Love And Acceptance In James Baldwin's The Fire Next Time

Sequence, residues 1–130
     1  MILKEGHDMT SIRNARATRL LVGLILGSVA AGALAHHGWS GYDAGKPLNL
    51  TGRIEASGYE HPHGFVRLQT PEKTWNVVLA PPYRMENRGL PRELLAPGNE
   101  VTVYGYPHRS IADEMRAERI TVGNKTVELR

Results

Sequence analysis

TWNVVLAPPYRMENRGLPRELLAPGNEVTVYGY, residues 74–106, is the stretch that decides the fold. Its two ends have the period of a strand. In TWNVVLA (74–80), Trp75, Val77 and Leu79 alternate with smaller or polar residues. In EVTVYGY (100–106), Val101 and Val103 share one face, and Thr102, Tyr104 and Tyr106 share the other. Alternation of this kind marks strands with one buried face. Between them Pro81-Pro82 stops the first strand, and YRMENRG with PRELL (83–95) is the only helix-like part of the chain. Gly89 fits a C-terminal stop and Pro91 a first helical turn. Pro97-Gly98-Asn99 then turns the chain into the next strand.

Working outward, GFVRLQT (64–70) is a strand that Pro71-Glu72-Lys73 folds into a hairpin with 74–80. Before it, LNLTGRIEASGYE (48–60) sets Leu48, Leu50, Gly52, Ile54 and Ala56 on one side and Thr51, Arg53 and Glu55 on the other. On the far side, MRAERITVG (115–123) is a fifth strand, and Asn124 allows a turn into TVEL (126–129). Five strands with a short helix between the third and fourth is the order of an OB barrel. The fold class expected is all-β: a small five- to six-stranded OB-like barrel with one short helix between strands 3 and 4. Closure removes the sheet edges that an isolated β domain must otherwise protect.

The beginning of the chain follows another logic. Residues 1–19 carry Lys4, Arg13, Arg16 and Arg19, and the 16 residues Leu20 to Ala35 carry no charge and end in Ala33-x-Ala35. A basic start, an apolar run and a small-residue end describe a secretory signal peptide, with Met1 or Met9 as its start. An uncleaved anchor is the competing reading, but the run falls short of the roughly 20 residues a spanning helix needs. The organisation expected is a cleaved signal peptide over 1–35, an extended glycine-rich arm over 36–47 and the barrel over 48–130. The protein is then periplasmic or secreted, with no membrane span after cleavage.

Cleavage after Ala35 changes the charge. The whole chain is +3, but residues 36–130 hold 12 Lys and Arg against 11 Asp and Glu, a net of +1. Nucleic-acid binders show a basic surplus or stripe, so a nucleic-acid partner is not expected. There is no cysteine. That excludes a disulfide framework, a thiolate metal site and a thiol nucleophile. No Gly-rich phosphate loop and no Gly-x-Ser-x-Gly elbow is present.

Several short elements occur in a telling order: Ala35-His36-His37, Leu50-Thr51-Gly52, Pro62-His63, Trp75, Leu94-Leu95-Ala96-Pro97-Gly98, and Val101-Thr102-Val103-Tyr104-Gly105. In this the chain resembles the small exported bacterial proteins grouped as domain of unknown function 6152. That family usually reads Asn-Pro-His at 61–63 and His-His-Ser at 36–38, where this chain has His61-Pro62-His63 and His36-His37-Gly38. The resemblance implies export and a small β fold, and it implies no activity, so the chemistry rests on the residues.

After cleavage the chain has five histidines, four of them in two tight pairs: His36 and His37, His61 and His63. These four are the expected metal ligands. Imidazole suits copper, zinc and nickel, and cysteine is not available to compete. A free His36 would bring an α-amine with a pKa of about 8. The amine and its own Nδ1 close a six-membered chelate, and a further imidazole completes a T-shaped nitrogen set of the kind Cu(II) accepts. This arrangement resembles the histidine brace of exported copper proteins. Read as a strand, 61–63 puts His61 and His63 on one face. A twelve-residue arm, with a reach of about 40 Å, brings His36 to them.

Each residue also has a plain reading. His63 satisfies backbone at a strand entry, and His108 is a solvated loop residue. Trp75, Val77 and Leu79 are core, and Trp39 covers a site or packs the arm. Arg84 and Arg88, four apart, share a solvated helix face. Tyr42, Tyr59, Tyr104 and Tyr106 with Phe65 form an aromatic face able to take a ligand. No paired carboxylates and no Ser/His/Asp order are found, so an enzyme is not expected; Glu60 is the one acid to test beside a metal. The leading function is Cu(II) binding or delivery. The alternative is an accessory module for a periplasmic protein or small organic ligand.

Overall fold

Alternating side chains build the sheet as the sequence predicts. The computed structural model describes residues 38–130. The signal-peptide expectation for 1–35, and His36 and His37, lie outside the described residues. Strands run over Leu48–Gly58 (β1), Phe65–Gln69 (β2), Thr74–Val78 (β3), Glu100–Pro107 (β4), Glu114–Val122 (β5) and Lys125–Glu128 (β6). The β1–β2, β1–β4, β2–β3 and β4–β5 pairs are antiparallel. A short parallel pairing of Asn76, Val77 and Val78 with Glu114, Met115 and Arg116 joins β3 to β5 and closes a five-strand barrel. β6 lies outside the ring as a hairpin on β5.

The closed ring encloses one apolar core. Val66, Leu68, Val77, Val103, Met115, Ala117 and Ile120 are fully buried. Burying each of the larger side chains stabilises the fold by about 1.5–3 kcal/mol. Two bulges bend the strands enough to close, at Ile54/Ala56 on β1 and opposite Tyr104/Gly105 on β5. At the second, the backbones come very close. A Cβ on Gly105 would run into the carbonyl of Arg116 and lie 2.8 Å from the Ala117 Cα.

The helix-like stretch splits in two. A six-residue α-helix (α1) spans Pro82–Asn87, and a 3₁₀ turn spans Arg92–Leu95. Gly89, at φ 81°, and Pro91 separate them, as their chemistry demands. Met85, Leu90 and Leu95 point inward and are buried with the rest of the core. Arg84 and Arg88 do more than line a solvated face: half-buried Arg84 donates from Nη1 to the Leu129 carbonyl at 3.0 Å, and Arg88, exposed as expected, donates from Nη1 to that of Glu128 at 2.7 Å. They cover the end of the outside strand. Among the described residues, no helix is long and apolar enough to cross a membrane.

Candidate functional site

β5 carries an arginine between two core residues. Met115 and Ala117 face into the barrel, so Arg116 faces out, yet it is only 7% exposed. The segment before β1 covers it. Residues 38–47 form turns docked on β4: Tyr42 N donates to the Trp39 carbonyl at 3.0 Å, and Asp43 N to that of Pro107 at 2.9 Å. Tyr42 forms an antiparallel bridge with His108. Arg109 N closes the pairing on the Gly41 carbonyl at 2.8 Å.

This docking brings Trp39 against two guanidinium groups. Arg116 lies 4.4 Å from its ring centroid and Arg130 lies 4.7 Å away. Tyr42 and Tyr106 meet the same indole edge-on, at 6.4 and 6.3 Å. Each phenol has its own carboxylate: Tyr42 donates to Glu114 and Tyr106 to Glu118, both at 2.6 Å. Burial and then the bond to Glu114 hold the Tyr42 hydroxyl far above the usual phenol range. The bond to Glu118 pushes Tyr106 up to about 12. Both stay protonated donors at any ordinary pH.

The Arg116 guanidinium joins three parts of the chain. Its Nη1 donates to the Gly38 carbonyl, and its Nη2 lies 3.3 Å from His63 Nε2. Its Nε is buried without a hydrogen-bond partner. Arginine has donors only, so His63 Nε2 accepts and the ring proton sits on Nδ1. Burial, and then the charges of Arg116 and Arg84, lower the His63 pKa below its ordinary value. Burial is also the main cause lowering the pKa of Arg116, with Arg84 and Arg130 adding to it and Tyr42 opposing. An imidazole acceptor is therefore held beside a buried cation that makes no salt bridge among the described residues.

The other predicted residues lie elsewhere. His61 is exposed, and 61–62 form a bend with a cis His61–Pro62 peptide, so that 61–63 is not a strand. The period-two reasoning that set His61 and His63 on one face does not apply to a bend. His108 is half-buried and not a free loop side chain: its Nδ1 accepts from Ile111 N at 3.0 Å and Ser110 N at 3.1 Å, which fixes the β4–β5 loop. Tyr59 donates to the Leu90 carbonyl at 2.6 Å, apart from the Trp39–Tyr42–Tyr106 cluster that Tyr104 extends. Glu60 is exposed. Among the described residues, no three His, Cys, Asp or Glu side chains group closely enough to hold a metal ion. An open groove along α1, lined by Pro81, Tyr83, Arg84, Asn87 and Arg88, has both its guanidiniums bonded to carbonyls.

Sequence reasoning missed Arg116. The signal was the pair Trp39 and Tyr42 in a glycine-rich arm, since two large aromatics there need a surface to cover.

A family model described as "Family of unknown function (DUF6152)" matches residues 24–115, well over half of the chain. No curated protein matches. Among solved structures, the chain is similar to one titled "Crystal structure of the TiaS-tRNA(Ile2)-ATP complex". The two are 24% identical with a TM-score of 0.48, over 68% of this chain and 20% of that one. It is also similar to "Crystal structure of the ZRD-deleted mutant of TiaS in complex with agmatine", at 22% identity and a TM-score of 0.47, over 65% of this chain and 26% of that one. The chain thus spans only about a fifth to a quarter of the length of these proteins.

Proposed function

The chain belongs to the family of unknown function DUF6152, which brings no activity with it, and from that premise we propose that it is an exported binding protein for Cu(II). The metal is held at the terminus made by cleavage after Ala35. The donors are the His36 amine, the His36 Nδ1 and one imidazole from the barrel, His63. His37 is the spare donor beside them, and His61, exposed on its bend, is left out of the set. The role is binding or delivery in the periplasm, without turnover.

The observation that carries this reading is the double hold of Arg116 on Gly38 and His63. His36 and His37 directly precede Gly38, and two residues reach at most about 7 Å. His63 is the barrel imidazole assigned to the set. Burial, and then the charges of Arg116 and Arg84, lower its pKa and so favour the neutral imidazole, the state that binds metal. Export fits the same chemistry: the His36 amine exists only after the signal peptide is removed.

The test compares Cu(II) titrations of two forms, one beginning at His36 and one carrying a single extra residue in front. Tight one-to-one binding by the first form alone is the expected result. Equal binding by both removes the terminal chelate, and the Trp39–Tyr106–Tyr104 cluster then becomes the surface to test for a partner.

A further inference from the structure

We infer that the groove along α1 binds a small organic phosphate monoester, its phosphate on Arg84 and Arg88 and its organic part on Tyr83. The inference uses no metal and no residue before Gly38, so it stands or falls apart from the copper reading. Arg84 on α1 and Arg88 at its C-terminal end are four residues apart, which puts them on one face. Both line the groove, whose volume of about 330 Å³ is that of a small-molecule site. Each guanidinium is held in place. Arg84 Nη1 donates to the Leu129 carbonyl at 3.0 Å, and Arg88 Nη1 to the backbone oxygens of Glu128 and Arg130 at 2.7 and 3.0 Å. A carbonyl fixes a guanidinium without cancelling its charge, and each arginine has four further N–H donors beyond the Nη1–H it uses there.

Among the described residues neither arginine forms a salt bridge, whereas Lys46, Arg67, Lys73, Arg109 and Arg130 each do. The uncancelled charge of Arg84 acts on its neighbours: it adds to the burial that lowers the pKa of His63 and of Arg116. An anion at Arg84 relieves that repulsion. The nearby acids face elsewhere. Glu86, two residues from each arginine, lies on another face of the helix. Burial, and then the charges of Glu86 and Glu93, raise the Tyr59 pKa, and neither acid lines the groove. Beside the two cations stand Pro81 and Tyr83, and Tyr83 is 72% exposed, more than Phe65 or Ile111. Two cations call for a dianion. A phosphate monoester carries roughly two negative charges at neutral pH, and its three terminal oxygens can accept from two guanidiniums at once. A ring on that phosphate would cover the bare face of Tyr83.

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As a first generation Latinx, society made personal prosperity feel intangible or like something I shouldn't be striving for. The profoundly personal essays in James Baldwin’s The Fire Next Time engages the reader to feel the pain, despair, and even the hope, through the Negro man. The intimacy of the opening letter struck my being, disclosing to me that “this innocent country set you down in a ghetto (...) in which it intended for you to perish” and that “the limits of your ambitions were set forever.” I fell victim to stereotypes set forth for first generation Latinxs, and I didn’t allow myself “to aspire for excellence: I was to make peace with mediocrity.” Baldwin's solutions of love and acceptance however, heightened the value I saw
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